Welcome to my review of Dungeon Crawl Classics RPG – A modern-day, Old-School roleplaying game!
I picked up a ‘quick-start’ version of this game for a pound at Firestorm Games, Cardiff and loved the look of it so just had to get the full version! If you love old-school RPGs then Dungeon Crawl Classics is a must-buy!
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Designer: Joseph Goodman
Artists: Doug Kovaks, Jeff Dee, Jeff Easley, Jason Edwards, Tom Galambos, Fredrich Haas, Jim Holloway, Diesel Laforce, William McAusland, Brad McDevitt, Jesse Mohn, Peter Mullen, Russ Nicholson, Erol Otus, Stefan Poag, Jim Roslof, Chad Sergesketter, Chuck Whelon, Mike Wilson
Publisher: Goodman Games
I was drawn to the cover of this game immediately! Having grown up with the original D&D and AD&D books as well as Warhammer Fantasy Roleplay (WFRP) 1st edition, I am a big fan of old-school fantasy roleplaying (OSR) and I just love the art from that era! I particularly like the psychedelic feel to some of the colour illustrations.
But Dungeon Crawl Classics is not just some throw-back to a by-gone past. It is, in my opinion, a RPG masterpiece! Based on Goodman’s decades of experience in game design and drawing inspiration from the best of fantasy literature, Goodman has crafted what could be considered the definitive culmination of OSR.
Goodman has taken the essence of old school RPGs and blended them with the flavor of seminal works of fiction from authors such as HP Lovecraft, Edward Rice Burroughs and Jack Vance and distilled these into a potent and heady draft fit for even the hardiest of Dwarven brewers! Dungeon Crawl Classics is simple in all the right places and complex where it needs to be. It is low-fantasy at its best and most brutal!
In Dungeon Crawl Classics, character generation is random. Personally, I love random character creation. I know it is not to everyone’s taste, but I love seeing how the dice fall and making the best of an imperfect character. There is no min-maxing here! You start with a nobody on Level 0 and see if you can make a hero out of them!
The attributes in DCC are Strength, Agility, Stamina, Intelligence, Personality and Luck which are mostly comparable to those of familiar to D&D 5e. Luck, however, plays an important role in DCC which is unique.
Rolling up a character is done in a similar way to WFRP, you start with the attributes and then roll on a random ‘Occupation’ table which assigns your starting careers as well as your race. Each attribute is taken as a raw roll of 3d6 so you are just as likely to be completely inept as you are to be amazing, and most likely you will pretty average. And HP is in short supply. As wannabe hero, you get just d4 HP with a slight modifier if you are (un)lucky based on your Stamina mod.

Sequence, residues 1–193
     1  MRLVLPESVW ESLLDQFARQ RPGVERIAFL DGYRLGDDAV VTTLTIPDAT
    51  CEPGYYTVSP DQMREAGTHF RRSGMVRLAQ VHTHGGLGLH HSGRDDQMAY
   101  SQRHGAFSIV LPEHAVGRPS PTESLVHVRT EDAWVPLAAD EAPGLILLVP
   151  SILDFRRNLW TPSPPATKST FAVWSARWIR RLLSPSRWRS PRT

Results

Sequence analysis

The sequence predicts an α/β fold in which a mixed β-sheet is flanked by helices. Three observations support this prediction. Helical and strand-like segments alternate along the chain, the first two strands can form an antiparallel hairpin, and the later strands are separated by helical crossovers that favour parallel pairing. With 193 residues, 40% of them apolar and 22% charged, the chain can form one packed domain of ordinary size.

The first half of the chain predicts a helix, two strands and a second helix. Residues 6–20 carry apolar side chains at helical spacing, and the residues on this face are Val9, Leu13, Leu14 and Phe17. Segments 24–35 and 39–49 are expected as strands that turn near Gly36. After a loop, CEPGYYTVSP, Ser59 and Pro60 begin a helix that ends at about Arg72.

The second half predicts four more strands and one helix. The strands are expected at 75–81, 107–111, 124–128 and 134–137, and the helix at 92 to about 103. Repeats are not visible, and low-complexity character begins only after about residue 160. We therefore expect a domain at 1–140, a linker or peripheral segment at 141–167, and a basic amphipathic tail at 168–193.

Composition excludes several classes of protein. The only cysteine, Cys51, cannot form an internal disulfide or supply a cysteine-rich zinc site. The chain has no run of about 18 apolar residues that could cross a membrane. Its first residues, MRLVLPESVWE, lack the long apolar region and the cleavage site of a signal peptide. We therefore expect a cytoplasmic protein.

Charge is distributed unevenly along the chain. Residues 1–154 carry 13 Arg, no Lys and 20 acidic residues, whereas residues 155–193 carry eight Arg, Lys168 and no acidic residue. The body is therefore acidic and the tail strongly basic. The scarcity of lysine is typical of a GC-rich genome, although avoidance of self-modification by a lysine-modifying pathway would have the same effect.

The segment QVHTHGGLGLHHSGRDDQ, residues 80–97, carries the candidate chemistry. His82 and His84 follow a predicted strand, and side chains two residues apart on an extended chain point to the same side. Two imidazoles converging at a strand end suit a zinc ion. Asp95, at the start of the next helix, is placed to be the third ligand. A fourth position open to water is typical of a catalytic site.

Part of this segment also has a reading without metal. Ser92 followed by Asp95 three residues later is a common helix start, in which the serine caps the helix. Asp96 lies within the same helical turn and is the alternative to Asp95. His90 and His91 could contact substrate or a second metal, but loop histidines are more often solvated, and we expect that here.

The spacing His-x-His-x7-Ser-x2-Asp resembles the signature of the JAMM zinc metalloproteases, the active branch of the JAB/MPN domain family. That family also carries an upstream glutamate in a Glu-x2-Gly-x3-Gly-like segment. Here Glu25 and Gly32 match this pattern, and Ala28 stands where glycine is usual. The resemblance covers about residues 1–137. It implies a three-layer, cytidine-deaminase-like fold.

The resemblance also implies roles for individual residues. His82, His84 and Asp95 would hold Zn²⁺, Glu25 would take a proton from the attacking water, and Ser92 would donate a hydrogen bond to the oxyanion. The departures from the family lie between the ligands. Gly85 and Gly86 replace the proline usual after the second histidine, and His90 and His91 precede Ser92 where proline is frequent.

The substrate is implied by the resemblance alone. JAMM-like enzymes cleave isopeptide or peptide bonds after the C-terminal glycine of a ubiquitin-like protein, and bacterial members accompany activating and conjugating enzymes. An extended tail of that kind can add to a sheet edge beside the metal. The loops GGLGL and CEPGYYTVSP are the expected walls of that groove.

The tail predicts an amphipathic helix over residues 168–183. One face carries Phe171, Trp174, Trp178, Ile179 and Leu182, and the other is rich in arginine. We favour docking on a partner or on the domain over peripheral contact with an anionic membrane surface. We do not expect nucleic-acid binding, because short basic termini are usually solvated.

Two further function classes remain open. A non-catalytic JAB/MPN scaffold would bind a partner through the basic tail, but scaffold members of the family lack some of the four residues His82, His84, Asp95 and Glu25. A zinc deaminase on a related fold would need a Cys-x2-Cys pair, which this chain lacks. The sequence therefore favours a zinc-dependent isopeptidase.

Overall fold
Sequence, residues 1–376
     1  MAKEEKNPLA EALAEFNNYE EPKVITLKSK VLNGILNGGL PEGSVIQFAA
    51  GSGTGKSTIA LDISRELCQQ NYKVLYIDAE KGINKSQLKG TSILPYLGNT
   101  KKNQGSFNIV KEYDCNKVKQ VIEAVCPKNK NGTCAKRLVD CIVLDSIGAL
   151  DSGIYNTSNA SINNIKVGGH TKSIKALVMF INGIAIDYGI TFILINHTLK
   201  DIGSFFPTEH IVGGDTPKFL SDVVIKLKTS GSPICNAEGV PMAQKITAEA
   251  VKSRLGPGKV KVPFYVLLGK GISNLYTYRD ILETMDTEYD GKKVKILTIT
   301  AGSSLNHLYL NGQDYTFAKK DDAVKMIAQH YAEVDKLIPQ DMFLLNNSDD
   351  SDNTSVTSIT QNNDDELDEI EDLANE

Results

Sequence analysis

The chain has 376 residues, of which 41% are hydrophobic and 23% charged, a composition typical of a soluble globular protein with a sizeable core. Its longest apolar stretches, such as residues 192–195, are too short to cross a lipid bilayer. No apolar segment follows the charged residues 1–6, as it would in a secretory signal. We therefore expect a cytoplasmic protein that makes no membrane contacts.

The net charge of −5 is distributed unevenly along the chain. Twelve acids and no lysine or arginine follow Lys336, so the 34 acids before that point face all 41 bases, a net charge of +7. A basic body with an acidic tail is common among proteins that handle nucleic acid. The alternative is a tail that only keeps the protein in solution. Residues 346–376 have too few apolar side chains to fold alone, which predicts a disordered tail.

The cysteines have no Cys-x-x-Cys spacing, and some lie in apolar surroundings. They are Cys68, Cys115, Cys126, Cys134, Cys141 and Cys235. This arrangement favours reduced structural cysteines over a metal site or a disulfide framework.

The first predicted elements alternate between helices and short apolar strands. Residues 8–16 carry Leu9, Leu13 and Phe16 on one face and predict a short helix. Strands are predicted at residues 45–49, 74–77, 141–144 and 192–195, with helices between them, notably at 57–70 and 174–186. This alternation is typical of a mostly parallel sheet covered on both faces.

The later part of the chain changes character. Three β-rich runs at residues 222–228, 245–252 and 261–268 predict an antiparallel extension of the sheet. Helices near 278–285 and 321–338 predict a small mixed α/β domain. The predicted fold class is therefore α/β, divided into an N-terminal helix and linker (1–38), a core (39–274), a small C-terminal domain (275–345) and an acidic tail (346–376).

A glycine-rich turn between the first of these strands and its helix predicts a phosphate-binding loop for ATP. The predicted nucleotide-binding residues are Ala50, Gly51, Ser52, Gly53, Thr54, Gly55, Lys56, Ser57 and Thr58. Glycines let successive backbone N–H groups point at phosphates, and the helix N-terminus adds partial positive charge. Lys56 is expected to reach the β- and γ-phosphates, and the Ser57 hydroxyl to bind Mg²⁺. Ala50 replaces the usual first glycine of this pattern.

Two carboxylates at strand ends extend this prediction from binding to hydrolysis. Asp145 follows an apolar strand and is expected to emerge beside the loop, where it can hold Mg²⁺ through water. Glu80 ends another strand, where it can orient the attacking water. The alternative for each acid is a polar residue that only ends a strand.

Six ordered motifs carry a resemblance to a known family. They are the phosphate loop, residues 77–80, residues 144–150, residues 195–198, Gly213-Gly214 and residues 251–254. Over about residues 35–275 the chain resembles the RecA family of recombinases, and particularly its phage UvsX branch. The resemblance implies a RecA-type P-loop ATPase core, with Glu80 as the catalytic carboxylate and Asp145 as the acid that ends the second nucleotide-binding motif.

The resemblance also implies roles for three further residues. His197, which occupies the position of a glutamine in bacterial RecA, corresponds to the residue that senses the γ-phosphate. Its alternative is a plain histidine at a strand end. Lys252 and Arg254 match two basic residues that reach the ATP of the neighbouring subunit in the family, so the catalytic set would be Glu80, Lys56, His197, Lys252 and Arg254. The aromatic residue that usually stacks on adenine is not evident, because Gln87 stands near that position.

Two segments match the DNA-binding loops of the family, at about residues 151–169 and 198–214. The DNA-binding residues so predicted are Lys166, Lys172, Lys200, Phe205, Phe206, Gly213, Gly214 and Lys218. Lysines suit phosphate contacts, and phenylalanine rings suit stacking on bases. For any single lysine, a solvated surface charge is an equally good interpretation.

Within character creation there is a lovely mechanic where you get randomly assigned a ‘Lucky Sign’ which is a particular type of dice roll upon which you must always apply your luck modifier, which is just as likely to be negative as positive and is a function of your Luck stat. If your Luck stat is between 9 and 12 inclusive, then you have no modifier. Below 9 you get a negative Luck modifier and above 12 you have a positive Luck modifier.
Lucky Signs include “Harsh Winter” which applies your Luck mod to all attack rolls, “Born on the Battlefield” which applies your Luck mod to damage rolls and “Born under the Loom” which applies your Luck mod to all skill checks. There are 30 options which allows for a good variety within a party.
The one thing you do get to choose is your alignment. The choice here is a simplified version of 5e, just Lawful, Chaotic and Neutral and this choice will affect your character’s behavior throughout their campaign.
Your character will start with two modest pieces of equipment from their occupation, one randomly assigned extra bit of kit and 5d12 copper pieces. Once you survive your first dungeon and advance to Level 1, you will be able to choose an adventuring class.
The choice of classes is purposefully simple here as well. You can choose Cleric, Thief, Warrior or Wizard. You don’t get to choose a class, however, if you were assigned a race during the occupation stage. If you are a Dwarf, Elf or Halfling, then that race is your class. Each class comes with its own HP dice for Level ups, guidelines on alignment, weapon specialties, special skills and, if you are a Cleric, Wizard or Elf, various aptitudes for Magic.
One major feature of DCC is the character creation ‘Funnel. This is such an awesome concept and really brings the flavor out of the random character generation. In the Funnel, each player creates up to four Level 0 characters as per the rules for random generation above. This team then embarks upon their first quest together. PC deaths a very likely as most characters have less than 4 HP, basic equipment and no specialist skills.